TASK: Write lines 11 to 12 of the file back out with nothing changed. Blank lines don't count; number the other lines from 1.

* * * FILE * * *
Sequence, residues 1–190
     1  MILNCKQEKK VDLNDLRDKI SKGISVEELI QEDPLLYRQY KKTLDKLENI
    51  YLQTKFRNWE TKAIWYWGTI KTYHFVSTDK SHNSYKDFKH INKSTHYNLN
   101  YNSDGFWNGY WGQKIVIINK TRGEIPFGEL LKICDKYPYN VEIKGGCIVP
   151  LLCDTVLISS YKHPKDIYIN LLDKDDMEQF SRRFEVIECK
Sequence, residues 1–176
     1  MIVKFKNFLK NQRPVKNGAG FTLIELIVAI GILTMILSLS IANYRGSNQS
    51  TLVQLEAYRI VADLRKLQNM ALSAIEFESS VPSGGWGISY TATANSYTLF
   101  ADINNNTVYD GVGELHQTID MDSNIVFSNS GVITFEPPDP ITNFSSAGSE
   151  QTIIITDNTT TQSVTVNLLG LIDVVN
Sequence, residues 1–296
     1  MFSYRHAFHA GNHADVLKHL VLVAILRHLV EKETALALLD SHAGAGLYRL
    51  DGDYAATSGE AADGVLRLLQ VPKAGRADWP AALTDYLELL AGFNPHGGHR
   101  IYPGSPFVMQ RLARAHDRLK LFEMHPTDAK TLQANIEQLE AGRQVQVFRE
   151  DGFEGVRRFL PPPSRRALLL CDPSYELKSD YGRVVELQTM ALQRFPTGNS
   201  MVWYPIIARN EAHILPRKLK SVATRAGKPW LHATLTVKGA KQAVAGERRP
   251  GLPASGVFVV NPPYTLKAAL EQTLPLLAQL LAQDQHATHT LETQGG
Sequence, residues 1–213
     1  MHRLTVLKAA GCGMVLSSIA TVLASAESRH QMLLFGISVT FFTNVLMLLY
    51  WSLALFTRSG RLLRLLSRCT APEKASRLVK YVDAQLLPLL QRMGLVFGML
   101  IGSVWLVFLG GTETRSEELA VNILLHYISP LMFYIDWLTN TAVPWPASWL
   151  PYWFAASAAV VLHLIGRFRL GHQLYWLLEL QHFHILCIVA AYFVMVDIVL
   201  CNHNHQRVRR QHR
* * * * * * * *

Sequence, residues 1–296
     1  MFSYRHAFHA GNHADVLKHL VLVAILRHLV EKETALALLD SHAGAGLYRL